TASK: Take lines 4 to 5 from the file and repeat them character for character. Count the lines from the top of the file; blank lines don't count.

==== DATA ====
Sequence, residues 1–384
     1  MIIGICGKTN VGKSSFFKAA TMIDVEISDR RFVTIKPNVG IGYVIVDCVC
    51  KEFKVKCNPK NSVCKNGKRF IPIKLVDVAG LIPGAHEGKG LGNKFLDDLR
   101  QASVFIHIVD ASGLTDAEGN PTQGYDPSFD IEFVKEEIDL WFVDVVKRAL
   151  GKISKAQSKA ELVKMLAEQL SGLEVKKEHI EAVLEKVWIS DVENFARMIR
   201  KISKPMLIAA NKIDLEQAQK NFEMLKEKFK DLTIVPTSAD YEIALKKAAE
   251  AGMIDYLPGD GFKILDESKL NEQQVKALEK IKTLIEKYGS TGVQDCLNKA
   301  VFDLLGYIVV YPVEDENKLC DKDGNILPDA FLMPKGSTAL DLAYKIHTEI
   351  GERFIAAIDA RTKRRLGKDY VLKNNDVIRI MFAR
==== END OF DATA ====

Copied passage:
   101  QASVFIHIVD ASGLTDAEGN PTQGYDPSFD IEFVKEEIDL WFVDVVKRAL
   151  GKISKAQSKA ELVKMLAEQL SGLEVKKEHI EAVLEKVWIS DVENFARMIR